She saw in Europe strong labour unions and parties, and said that it was necessary for workers to fight in formal politics.

Later on the same day and place, in a discussion on labour and democracy, taped for broadcast by the Nation Channel, Jitra said that since they moved their rally site to the ground floor of the Ministry of Labour building on 13 Oct, they had met the Minister twice and ministry officials several times.  They were told that all legal procedures had been exhausted.

Jitra said that the company had paid compensation in accordance with the 1998 Labour Protection Act, but had not followed the 1975 Labour Relations Act, which states that the employer must inform and consult with the labour union about a layoff at least 60 days in advance, and pay compensation according to the number of years of work.

She said their demands remained the same, calling on the company to hold negotiations, to explain the real reason for the layoff, and to follow the Terms of Employment signed between the company and the workers under the 1975 Labour Relations Act.  The Ministry of Labour should act as a mediator, and the government should prove its sincerity by withdrawing BOI support for the company to relocate its production base to Nakhon Sawan.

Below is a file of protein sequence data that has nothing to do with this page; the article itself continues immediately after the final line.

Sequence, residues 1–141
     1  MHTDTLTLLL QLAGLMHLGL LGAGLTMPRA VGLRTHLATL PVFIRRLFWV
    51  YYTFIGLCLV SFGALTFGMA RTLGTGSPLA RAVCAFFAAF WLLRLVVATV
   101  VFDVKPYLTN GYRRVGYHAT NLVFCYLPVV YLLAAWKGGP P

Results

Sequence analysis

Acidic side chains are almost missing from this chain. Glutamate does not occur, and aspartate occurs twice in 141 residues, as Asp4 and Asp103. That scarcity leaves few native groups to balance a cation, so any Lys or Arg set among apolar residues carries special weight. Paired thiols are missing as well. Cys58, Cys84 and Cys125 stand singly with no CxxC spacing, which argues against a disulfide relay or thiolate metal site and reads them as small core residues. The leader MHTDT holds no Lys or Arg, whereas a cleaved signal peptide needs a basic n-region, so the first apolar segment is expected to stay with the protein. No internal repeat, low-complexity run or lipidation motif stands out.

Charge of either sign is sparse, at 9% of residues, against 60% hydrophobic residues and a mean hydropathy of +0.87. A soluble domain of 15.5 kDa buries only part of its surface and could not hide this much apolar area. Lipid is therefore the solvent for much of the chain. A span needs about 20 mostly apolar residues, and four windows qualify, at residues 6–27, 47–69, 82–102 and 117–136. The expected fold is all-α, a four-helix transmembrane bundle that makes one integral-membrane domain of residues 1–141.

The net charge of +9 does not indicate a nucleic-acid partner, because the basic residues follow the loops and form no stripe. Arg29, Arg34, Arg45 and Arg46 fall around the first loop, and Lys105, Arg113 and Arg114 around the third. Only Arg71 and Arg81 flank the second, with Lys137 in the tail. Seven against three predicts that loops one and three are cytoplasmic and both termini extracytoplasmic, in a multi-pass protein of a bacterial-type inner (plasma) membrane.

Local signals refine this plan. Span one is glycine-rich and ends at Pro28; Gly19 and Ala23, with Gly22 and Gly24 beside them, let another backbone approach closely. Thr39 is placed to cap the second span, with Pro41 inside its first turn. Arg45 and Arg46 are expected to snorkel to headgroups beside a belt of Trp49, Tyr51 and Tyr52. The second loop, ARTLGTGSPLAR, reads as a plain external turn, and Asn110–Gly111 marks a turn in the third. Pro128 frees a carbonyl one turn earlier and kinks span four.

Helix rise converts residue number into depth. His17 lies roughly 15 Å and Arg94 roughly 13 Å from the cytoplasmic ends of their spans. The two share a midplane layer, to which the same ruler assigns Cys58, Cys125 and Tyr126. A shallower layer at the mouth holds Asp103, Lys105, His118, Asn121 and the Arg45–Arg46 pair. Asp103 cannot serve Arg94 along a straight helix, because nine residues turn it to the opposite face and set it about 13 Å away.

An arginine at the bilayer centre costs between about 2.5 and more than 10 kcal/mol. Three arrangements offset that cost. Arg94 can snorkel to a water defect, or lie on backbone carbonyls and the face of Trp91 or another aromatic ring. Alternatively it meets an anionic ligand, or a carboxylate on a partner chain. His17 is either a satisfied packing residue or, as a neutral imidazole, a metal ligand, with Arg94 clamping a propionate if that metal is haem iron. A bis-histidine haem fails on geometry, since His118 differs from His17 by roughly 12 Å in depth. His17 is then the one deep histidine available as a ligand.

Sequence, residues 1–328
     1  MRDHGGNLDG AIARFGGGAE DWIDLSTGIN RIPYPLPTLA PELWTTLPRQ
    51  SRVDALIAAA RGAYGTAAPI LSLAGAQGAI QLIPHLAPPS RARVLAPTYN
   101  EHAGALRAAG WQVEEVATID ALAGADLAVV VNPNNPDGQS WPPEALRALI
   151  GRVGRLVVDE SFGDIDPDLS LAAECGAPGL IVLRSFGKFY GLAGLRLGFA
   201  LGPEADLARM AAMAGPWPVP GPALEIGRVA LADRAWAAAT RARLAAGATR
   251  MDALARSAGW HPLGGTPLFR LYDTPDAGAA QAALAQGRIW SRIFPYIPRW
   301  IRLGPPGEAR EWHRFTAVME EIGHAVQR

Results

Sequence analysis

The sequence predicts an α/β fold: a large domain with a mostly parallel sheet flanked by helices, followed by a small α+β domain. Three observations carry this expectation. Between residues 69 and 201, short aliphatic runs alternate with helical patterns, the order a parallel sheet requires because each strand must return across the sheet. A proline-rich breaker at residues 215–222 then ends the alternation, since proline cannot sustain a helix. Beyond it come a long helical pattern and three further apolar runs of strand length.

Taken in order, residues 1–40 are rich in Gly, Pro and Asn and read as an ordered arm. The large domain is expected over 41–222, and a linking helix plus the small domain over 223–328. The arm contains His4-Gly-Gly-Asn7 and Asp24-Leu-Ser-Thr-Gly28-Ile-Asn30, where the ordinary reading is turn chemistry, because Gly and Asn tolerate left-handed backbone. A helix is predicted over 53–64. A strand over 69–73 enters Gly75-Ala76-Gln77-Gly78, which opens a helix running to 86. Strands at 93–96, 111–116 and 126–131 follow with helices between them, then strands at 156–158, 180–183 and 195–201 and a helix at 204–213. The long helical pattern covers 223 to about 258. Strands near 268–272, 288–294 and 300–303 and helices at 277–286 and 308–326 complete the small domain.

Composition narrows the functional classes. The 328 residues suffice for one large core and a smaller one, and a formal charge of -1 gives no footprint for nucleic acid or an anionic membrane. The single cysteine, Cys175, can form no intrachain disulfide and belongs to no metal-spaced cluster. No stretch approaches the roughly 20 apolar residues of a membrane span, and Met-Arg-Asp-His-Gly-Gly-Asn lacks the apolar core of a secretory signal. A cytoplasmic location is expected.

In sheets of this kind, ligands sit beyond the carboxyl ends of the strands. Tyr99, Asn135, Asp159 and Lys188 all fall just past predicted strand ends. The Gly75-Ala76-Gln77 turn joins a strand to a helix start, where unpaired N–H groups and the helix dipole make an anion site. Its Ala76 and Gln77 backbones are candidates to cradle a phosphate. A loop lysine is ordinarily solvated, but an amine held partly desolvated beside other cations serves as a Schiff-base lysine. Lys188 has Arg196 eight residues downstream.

Kengkij Kittireanglab, lecturer from Kasetsat University’s Faculty of Social Science, said that Abhisit Vejjajiva’s talk of moving Thailand toward a welfare state was ridiculous, because one fundamental of a welfare state was employment for all, but the government had yet to solve the problems for these workers who had been here for nearly three months.

Janya Yimprasert, Director of the Thai Labour Campaign, said that the problem of layoffs remained the same.  Companies abandon workers in one area in favour of workers in another where wages are relatively lower.  Triumph is the last company in Thailand still running its own factories, while other companies like Nike and Adidas closed down their factories in 2002-3, and turned to subcontracted labour. 

The government should give support to the workers’ production of Try Arm products, she said.


"The government should give